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Legal/ethical Review Paul Cronan Case

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Paul Cronan Case Analysis

By: Rebecca Figone

Date March 9, 2005

I. Legal Analysis, Issue 1

Issue: Does party bringing suit (Plaintiff - Paul Cronan) qualify under the ADA for disability?

Rule:

In Review of ADA and the principles set forth at that time, there are several relevancies to consider here. A disability is described as follows:

"For purposes of nondiscrimination laws (e.g. the Americans with Disabilities Act, Section 503 of the Rehabilitation Act of 1973 and Section 188 of the Workforce Investment Act), a person with a disability is generally defined as someone who (1) has a physical or mental impairment that substantially limits one or more "major life activities," (2) has a record of such an impairment, or (3) is regarded as having such an impairment.

Have a severe disability (or combination of disabilities) that has lasted, or is expected to last, at least 12 months or result in death, and which prevents working at a "substantial gainful activity" level.

State vocational rehabilitation (VR) offices will find a person with a disability to be eligible for VR services if he or she has a physical or mental impairment that constitutes or results in a "substantial impediment" to employment for the applicant. Some of these definitions include words or phrases that have been the subject of lawsuits, as individuals, agencies, and courts try to clarify the terms used in some of these definitions of disability. If you want to find out if a particular disability or condition gives you certain rights, contact the federal or state agency To be found disabled for purposes of Social Security disability benefits, individuals must that enforces the law in question. If you want to find out if you qualify for a particular program or service, contact the federal or state agency that administers the program to find out the specifics of the disability definition they use." This information is readily available on the World Wide Web at the following link: http://www.dol.gov/odep/faqs/federal.htm

Analysis: Does the disease of AIDS/ARC/HIV qualify as a disabling condition under the ADA requirements? Is this disease and the effects it has on capacity for life activities a disability?

Yes, now, since 1998, when the U.S. Supreme Court decided the case of Bragdon v. Abbott, the disease of HIV/AIDS does indeed qualify as a disability. However, this is legislation to late for Paul Cronan.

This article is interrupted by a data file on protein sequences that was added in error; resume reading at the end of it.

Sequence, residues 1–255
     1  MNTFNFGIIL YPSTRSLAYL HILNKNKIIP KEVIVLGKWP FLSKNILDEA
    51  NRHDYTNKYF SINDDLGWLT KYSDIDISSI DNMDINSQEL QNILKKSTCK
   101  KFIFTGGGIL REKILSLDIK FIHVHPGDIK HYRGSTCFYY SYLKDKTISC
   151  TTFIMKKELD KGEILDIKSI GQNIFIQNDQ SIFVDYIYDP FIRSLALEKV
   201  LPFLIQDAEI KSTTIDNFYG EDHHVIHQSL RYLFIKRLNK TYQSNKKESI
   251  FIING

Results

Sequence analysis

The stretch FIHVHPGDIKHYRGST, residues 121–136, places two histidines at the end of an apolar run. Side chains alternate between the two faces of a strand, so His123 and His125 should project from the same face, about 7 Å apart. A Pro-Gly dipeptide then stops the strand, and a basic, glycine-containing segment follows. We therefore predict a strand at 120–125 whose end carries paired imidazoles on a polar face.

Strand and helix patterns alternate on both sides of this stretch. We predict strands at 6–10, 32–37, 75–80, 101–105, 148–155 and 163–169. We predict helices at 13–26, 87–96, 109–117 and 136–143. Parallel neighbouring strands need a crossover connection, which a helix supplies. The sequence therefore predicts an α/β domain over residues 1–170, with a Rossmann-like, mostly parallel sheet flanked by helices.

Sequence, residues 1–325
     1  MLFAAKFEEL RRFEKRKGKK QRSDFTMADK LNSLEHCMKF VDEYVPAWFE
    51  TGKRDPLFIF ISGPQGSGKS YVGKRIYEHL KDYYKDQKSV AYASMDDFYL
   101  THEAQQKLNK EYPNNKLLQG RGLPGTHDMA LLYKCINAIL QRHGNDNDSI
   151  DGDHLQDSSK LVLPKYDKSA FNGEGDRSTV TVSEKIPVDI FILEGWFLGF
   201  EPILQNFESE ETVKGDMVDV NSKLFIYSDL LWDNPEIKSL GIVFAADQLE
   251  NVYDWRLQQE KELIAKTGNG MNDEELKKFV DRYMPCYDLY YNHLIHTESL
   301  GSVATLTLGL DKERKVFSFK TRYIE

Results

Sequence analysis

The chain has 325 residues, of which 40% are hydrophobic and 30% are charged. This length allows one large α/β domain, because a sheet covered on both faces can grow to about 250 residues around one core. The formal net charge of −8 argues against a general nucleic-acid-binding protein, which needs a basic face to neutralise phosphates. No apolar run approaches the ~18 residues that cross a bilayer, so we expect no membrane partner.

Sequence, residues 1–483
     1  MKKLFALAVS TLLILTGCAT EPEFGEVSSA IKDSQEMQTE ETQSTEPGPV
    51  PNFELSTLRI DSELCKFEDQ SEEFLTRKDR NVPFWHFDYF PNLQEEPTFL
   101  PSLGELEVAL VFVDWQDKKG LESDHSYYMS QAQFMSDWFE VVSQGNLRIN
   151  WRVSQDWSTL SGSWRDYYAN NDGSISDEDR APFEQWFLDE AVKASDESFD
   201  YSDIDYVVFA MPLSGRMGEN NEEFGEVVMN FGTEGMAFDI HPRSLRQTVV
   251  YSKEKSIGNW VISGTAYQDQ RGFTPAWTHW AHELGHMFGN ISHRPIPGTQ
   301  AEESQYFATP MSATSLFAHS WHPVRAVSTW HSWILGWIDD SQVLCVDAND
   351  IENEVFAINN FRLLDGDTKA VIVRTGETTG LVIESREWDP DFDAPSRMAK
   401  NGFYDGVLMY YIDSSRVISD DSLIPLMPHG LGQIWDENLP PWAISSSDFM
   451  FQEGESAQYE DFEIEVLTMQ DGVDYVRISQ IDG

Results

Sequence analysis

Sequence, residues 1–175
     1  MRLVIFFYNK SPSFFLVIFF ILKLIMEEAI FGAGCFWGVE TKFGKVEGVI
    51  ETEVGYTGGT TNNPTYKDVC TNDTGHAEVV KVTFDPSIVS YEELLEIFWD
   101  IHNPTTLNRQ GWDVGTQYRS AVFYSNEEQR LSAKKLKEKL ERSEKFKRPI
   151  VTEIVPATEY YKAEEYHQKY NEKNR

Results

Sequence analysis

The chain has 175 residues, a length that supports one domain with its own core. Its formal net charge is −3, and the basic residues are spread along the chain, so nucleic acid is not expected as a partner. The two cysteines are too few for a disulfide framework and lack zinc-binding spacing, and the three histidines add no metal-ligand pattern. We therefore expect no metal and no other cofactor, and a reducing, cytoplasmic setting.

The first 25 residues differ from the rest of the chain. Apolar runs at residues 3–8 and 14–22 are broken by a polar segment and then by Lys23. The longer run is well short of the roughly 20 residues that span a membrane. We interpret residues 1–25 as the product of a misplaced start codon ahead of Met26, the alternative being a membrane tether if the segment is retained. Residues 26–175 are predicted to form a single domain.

Conclusion of Researcher: In relative conclusion, Cronan does indeed have a condition that meets the requirements set forth by the ADA for a disability.

This information is readily available on the World Wide Web at the following location http://www.usdoj.gov/crt/ada/publicat.htm#Anchor-14210.

II. Legal Analysis, Issue 2

Issue: Is New England Telephone guilty of discrimination against Paul Cronan strictly because he has a disease that is disabling called HIV/AIDS?

Rule: "The ADA prohibits discrimination in all employment practices, including job application procedures, hiring, firing, advancement, compensation, training, and other terms, conditions, and privileges of employment. It applies to recruitment, advertising, tenure, layoff, leave, fringe benefits, and all other employment-related activities."

This information is readily available on the World Wide Web at the following location

http://www.usdoj.gov/crt/ada/pubs/ada.txt

In relation to the situation, the following data is also pertinent: "Employment discrimination is prohibited against "qualified individuals with disabilities." This includes applicants for employment and employees. An individual is considered to have a "disability" if he or she has a physical or mental impairment that substantially limits one or more major life activities, has a record of such an impairment, or is regarded as having such an impairment. Persons discriminated against because they have a known association or relationship with an individual with a disability also are protected.

The first part of the definition makes clear that the ADA applies to persons who have impairments and that these must substantially limit major life activities such as seeing, hearing, speaking, walking, breathing, performing manual tasks, learning, caring for oneself, and working. An individual with epilepsy, paralysis, HIV infection, AIDS, a substantial hearing or visual impairment, mental retardation, or a specific learning disability is covered, but an individual with a minor, nonchronic condition of short duration, such as a sprain, broken limb, or the flu, generally would not be covered.

The second part of the definition protecting individuals with a record of a disability would cover, for example, a person who has recovered from cancer or mental illness.

The third part of the definition protects individuals who are regarded as having a substantially limiting impairment, even though they may not have such an impairment. For example, this provision would protect a qualified individual with a severe facial disfigurement from being denied employment because an employer feared the "negative reactions" of customers or co-workers."

"Discriminate" can be characterized by the following information:

"b) Construction.--As used in subsection (a), the term "discriminate"

includes--

(1) limiting, segregating, or classifying a job applicant or employee

in a way that adversely affects the opportunities or status of such

applicant or employee because of the disability of such applicant or

employee;

(2) participating in a contractual or other arrangement or relationship

that has the effect of subjecting a covered entity's qualified applicant

or employee with a disability to the discrimination prohibited by this

...

...

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